Was the Show I Love Lucy Demeaning Towards Women – Or Did It Help In The End?

Back in the days of TV sit-coms (situational comedies) with a lesson there was Lavern and Shirley, Gilligan’s Island, Brady Bunch, Happy Days and I Love Lucy. These were much different than today’s sit-coms or our hard to figure out reality TV shows (pointless). Some event in the beginning was played out and by the end of the sit-com there was a lesson of what happened to the individuals in the end – usually they made a mistake, a moral error, or stupid move and they paid for it. Okay so, let’s talk.

Gilligan’s Island, which might even be the predecessor to the current reality TV series where people are kicked off the island had some class warfare in it, and lessons of arrogance, hard-headedness, vainness, and other human behavioral attributes considered to be on the negative side of the psychological or social balance sheet.

Another show was I Love Lucy, and in it Lucy Ricardo was a bit of a shallow bubble head and tricky Ricky was demeaning towards women, but in a way being able to laugh at that old show did probably show sexist male behavior as a mean-spirited way to play it, so, I guess in the end it did do some good, sure beats some of the nonsense on TV today – sit-coms, reality TV, etc. – but in the present period we’ve slipped into a bit of a Facebook nation, hopefully we can get beyond the dehumanizing relationships and people in the digital search for self-validation on social networking sites?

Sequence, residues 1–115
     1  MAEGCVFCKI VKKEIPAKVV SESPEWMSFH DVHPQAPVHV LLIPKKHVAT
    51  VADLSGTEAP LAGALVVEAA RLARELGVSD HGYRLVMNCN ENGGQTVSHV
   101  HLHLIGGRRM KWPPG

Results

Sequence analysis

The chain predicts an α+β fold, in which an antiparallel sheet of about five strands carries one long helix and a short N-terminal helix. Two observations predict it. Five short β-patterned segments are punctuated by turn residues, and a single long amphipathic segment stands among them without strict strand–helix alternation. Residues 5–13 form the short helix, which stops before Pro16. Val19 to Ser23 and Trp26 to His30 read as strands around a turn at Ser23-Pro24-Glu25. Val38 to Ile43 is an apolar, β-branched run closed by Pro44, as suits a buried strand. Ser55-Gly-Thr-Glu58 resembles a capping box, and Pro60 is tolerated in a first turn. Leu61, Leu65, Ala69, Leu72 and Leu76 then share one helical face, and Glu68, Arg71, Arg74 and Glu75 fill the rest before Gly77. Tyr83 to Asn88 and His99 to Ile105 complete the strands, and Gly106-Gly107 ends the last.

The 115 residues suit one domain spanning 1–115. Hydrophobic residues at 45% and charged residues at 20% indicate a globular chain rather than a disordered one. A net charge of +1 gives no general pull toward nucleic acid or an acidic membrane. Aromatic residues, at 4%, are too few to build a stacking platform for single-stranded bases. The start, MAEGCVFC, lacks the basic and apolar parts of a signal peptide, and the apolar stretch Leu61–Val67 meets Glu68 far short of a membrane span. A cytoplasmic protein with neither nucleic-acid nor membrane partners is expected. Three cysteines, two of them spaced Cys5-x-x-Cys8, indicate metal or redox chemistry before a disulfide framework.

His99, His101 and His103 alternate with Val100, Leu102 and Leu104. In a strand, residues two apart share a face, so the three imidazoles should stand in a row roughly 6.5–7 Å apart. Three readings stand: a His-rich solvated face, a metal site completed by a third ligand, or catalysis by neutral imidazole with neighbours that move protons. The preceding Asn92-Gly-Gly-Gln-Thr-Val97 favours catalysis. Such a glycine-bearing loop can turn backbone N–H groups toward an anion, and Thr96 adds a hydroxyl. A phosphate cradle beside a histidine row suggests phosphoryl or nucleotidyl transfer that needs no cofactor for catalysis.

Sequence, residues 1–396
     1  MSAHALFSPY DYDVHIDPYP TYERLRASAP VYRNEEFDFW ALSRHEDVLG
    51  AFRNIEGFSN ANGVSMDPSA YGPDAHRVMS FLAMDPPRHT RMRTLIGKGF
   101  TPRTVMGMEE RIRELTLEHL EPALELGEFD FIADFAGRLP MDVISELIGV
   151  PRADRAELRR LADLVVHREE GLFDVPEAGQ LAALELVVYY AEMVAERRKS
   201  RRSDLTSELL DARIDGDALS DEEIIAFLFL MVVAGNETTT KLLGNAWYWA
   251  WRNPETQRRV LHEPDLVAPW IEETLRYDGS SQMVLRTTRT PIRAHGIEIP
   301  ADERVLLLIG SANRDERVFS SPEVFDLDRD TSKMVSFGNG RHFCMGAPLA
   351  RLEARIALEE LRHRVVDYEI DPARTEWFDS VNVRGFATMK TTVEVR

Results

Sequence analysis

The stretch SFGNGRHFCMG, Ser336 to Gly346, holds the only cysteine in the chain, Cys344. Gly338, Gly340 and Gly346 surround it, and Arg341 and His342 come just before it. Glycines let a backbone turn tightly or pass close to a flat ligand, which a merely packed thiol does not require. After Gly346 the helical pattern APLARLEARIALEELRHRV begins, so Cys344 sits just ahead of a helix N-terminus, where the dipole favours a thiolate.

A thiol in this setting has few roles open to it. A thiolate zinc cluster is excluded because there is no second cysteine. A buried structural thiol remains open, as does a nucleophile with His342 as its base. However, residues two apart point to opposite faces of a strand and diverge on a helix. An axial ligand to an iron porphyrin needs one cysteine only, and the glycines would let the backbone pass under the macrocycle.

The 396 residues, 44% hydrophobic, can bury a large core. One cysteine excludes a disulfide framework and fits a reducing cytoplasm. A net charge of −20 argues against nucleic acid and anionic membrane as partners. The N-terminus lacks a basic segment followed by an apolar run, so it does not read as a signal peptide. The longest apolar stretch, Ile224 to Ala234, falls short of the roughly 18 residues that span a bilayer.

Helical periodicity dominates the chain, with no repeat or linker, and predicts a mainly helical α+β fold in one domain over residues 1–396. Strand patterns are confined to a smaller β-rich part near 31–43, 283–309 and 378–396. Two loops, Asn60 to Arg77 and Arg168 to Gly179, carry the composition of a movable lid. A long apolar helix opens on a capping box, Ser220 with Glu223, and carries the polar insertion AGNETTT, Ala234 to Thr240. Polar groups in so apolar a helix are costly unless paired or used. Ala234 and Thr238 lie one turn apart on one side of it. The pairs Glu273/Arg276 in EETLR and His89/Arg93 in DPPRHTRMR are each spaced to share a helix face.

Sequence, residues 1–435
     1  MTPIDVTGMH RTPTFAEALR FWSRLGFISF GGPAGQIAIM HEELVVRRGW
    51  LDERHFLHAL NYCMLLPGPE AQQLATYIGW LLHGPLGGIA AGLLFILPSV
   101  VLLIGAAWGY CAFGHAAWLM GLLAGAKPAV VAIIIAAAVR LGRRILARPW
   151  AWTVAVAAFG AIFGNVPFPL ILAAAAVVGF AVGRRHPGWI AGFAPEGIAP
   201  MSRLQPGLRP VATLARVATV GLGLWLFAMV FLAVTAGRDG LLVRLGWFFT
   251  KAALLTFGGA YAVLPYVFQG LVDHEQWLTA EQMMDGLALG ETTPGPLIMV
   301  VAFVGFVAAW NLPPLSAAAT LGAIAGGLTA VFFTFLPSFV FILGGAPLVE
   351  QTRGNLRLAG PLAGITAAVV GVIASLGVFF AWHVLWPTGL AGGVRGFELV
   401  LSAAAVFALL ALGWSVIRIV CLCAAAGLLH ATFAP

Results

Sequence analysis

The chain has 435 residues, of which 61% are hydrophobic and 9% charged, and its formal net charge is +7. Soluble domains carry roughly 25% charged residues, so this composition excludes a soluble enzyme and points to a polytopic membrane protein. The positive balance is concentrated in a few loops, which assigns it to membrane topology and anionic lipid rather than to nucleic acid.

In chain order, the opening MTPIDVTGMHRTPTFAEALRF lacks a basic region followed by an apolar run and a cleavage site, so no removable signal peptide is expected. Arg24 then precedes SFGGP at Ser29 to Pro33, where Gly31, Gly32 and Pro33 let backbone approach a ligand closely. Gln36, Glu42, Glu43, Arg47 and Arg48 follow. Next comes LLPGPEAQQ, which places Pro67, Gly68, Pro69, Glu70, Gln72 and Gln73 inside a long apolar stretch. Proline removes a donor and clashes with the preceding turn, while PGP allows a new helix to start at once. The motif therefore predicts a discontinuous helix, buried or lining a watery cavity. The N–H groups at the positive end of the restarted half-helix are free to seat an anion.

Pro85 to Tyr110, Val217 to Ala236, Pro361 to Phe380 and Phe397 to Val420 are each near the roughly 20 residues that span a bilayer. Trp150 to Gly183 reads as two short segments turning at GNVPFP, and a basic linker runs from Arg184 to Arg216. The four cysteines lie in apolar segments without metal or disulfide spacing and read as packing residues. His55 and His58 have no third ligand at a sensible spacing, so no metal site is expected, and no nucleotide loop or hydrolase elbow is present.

Oh, back to the point I’d like to make. By showing both sides of the equation at the extreme, Ricky’s disdain for Lucy’s shenanigans and his male macho belief that men are better than women – along with Lucy’s sneaky maneuvers and gossipy games we saw that these negative personality flaws made their lives tougher, and in the end we saw that they both meant well, but had misunderstood each other, always making up in the end.

Today, these shows would be called sexist, racist, class warfare, age discriminatory – and politically correct groups would scream out, perhaps like they do today with the show Family Guy, even though the show’s producers hammer on each and all stereotypes equally. Things have changed a lot in television over the years – I am not so sure they are for the better. I mention this because it is often evident when we look at people in public mimic some of the garbage we all too often see on TV. Please consider all this and think on it.